- Publix announced several leadership moves set to take effect next year, according to a company release.
- Randy Barber, current director of industrial maintenance, will become vice president of industrial maintenance and purchasing. Publix’s rapidly evolving fresh business units, meanwhile, will be overseen by two officers: Pete Mowitt, who is currently president of product business development for grocery and non-foods, will oversee bakery and meat RBUs as vice president of product business development for bakery and meat, while Chris Litz, will stay in his position overseeing the deli and produce side. Brad Oliver, currently business development director of direct store delivery products, will assume Mowitt’s former duties as vice president of product business development for dry grocery and non-foods.
- Publix noted that the new roles reflect the company’s continuing focus on growth and innovation.
Publix’s leadership shuffle reflects both the opportunities and challenges the grocer faces as it defends its home turf and pushes into new markets. Moves in the company’s fresh retail division in particular reflect a focus on high-margin produce, bakery and meat categories.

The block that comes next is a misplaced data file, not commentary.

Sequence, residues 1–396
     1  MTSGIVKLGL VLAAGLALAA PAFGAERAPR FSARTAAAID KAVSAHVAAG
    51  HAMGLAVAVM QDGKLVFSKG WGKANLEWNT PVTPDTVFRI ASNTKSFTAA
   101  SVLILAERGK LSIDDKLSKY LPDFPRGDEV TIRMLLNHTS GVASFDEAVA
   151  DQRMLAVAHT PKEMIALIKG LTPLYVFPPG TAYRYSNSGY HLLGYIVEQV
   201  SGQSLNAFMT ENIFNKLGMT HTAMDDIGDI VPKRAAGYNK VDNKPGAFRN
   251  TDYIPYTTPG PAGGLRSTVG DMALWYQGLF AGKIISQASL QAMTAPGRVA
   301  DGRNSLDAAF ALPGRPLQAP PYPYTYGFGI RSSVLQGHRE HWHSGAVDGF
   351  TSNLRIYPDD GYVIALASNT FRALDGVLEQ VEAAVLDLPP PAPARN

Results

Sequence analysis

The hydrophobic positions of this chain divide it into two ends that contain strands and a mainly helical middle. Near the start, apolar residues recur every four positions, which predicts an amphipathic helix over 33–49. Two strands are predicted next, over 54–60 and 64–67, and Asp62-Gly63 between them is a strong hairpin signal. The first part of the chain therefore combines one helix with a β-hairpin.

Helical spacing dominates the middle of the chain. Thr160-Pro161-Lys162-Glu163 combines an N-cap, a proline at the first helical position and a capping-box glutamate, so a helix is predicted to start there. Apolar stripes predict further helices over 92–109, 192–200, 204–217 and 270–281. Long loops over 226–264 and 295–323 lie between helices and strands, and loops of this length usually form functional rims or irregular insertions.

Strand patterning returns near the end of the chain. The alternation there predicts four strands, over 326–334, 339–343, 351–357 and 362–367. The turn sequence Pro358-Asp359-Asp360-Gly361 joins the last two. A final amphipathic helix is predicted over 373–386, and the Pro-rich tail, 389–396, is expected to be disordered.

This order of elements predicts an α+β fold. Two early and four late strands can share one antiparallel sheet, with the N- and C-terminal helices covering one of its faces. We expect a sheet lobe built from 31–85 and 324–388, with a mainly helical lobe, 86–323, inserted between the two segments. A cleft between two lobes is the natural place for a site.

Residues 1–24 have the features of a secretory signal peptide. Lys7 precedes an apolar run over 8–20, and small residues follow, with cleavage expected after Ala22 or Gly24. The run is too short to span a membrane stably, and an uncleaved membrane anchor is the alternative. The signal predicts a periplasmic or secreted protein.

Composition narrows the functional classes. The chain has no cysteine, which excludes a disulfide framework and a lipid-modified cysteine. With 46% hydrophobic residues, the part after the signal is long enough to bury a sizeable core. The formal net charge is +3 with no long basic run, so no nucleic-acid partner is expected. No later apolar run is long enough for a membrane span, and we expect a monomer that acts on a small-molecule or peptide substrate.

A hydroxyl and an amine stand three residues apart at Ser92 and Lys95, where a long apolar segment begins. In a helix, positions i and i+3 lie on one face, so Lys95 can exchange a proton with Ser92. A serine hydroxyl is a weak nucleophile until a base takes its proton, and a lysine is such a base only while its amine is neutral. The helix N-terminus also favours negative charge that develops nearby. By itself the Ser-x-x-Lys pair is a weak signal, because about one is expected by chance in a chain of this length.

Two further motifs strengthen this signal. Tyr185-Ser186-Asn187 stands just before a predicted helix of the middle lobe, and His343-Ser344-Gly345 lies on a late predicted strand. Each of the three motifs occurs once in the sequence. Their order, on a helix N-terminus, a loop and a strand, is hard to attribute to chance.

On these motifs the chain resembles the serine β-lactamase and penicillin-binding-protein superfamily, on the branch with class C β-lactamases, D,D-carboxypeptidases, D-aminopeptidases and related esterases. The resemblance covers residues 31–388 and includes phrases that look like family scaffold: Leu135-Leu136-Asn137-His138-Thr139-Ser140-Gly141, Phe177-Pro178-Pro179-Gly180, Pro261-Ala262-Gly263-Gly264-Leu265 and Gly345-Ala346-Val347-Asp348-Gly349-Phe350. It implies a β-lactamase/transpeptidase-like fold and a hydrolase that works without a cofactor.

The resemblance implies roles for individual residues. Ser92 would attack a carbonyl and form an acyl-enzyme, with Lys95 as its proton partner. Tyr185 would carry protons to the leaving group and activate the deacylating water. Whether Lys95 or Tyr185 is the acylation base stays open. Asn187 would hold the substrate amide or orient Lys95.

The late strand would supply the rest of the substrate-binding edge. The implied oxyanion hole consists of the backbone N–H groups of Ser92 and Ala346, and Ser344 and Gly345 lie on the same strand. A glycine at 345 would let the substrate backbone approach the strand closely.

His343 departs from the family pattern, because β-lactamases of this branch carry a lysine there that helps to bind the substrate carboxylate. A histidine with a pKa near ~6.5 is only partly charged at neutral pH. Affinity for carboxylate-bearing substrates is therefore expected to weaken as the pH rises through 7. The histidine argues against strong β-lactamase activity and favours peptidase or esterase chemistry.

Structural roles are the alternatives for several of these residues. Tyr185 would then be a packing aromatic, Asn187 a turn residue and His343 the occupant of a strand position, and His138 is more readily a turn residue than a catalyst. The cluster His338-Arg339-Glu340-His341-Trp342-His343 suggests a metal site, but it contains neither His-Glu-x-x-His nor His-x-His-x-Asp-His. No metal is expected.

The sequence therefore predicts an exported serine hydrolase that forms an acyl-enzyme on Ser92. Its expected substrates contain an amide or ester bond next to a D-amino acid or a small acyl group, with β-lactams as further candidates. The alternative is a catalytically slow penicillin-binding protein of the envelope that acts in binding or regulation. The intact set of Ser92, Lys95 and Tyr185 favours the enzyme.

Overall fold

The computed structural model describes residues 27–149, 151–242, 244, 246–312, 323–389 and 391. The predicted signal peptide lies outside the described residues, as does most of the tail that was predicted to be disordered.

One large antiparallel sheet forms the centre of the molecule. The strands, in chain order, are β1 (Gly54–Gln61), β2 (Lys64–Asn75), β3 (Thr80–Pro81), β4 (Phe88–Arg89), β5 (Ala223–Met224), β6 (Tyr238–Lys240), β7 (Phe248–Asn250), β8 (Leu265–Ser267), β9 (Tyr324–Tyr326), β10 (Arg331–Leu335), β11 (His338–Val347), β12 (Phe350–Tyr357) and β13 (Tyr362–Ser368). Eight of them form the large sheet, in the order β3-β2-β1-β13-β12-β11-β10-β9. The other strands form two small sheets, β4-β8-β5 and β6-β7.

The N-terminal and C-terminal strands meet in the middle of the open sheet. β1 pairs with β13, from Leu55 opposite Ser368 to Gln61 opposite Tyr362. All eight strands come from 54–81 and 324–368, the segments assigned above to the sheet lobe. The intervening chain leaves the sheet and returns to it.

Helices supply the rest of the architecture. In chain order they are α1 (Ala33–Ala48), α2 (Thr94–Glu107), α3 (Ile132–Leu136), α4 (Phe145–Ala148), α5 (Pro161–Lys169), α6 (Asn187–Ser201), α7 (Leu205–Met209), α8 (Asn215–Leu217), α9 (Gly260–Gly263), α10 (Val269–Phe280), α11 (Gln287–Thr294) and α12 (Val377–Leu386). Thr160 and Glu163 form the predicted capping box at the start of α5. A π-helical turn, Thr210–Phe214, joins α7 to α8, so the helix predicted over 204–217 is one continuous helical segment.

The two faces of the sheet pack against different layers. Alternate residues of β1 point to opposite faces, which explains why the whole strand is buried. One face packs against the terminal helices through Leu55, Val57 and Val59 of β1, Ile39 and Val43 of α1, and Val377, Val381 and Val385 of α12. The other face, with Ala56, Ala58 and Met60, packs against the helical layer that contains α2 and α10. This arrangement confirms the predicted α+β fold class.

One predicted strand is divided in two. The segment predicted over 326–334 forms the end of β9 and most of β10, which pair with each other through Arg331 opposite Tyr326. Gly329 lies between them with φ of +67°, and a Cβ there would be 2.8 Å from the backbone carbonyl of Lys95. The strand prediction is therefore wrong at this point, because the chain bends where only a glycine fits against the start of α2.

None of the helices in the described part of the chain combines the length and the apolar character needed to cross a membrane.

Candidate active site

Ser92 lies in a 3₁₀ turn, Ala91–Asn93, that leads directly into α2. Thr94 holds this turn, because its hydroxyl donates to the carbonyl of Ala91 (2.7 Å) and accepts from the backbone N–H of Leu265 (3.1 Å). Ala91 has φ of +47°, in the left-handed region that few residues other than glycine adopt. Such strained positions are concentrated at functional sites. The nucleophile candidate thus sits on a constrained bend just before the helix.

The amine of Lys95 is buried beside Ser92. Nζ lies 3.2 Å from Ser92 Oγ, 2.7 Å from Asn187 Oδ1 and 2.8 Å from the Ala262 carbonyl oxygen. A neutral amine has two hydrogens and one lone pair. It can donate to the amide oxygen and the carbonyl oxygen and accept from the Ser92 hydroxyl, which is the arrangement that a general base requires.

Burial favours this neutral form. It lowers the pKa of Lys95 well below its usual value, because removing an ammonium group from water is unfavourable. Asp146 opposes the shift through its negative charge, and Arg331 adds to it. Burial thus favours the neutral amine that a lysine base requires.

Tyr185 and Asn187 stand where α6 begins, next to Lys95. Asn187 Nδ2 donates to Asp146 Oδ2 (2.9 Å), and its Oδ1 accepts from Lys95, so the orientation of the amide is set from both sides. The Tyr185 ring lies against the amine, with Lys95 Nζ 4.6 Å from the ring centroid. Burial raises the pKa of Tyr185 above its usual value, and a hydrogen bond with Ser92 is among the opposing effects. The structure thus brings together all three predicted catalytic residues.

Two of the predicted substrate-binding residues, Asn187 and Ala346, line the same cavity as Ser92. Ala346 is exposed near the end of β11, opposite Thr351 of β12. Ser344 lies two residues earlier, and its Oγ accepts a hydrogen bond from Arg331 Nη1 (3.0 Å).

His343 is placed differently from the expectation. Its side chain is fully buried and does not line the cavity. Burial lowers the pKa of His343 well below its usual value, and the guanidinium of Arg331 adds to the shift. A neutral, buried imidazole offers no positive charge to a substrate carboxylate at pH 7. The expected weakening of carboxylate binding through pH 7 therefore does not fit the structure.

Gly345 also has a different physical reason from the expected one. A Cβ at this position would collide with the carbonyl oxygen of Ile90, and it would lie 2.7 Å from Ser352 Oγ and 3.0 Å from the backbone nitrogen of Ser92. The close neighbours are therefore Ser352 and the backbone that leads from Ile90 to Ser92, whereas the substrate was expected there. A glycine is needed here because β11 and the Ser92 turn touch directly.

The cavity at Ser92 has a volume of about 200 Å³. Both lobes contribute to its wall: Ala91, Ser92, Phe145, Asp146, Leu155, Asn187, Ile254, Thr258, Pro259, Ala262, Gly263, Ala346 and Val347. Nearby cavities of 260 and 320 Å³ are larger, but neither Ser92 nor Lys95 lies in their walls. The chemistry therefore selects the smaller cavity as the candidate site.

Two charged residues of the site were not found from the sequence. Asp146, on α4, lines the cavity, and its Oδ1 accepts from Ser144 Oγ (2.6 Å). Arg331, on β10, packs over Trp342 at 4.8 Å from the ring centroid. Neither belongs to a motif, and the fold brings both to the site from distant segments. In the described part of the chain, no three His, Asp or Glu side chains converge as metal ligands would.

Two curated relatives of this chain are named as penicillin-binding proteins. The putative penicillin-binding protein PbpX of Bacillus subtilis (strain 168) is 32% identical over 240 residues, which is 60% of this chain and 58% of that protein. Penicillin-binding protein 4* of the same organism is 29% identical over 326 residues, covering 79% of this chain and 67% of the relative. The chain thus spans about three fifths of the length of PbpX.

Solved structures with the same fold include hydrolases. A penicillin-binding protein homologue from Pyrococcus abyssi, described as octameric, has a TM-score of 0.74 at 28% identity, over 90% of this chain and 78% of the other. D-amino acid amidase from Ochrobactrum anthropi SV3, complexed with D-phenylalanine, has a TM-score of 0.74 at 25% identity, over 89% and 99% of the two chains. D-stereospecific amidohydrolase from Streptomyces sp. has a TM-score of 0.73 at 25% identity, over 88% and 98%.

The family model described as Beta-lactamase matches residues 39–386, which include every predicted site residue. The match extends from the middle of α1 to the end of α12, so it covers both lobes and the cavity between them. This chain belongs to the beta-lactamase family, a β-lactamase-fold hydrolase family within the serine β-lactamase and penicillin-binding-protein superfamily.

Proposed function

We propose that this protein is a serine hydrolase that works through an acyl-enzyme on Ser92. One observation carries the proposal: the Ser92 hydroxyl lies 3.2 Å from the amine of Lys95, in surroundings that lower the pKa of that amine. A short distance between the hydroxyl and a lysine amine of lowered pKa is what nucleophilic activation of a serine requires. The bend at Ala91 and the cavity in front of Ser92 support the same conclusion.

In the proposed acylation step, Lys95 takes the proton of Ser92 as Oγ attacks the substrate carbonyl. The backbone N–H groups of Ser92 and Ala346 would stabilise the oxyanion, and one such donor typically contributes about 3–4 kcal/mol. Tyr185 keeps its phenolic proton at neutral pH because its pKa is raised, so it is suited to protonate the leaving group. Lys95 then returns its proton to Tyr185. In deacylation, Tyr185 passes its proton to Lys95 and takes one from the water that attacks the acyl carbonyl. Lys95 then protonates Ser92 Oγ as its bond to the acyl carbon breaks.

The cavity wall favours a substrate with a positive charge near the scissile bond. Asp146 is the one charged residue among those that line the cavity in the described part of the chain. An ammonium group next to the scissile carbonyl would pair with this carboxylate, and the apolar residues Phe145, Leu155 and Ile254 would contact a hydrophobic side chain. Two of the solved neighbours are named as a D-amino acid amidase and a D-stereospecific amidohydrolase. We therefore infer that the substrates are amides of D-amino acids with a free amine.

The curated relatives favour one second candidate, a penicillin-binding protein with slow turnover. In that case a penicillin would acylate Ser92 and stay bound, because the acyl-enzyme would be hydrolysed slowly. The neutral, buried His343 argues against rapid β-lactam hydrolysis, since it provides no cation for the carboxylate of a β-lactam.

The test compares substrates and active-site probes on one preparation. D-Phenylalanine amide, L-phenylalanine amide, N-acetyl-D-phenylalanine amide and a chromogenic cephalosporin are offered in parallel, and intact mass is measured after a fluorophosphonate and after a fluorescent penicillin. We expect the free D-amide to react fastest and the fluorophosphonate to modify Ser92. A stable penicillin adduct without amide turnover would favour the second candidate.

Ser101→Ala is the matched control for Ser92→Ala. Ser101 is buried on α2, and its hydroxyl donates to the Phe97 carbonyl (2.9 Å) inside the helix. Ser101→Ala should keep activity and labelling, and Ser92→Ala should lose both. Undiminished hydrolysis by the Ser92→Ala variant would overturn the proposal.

Other retailers are repositioning staff to put more resources where it counts. This summer Walmart, like Publix, split up leadership of its fresh divisions, and also moved a produce and global sourcing manager over to lead up a new Hispanic consumer initiative.
Publix is under enormous pressure these days. Competition is heating up in Florida, with discounter Aldi, along with low-price specialty grocers like Lucky’s Market and Sprouts Farmers Market, building stores. At the same time, it’s fighting hard to acquire customers in the fiercely competitive mid-Atlantic market.
Publix’s service-focused model hasn’t changed much over the years, but analysts recently interviewed by Food Dive say it should continue to pay dividends for the company.
"Overall, Publix is set up very nicely right now and should expect some nice returns long term," grocery analyst David Livingtson recently told Food Dive.
Financial results for the company have been a mixed bag lately. Earlier this year, Publix reported its first same-store sales decline in more than seven years. Results have improved as the year has progressed, though profits and stock performance for the privately held company have been mediocre. In the most recent financial quarter, Publix reported a $200 million sales bump thanks to Hurricane Irma.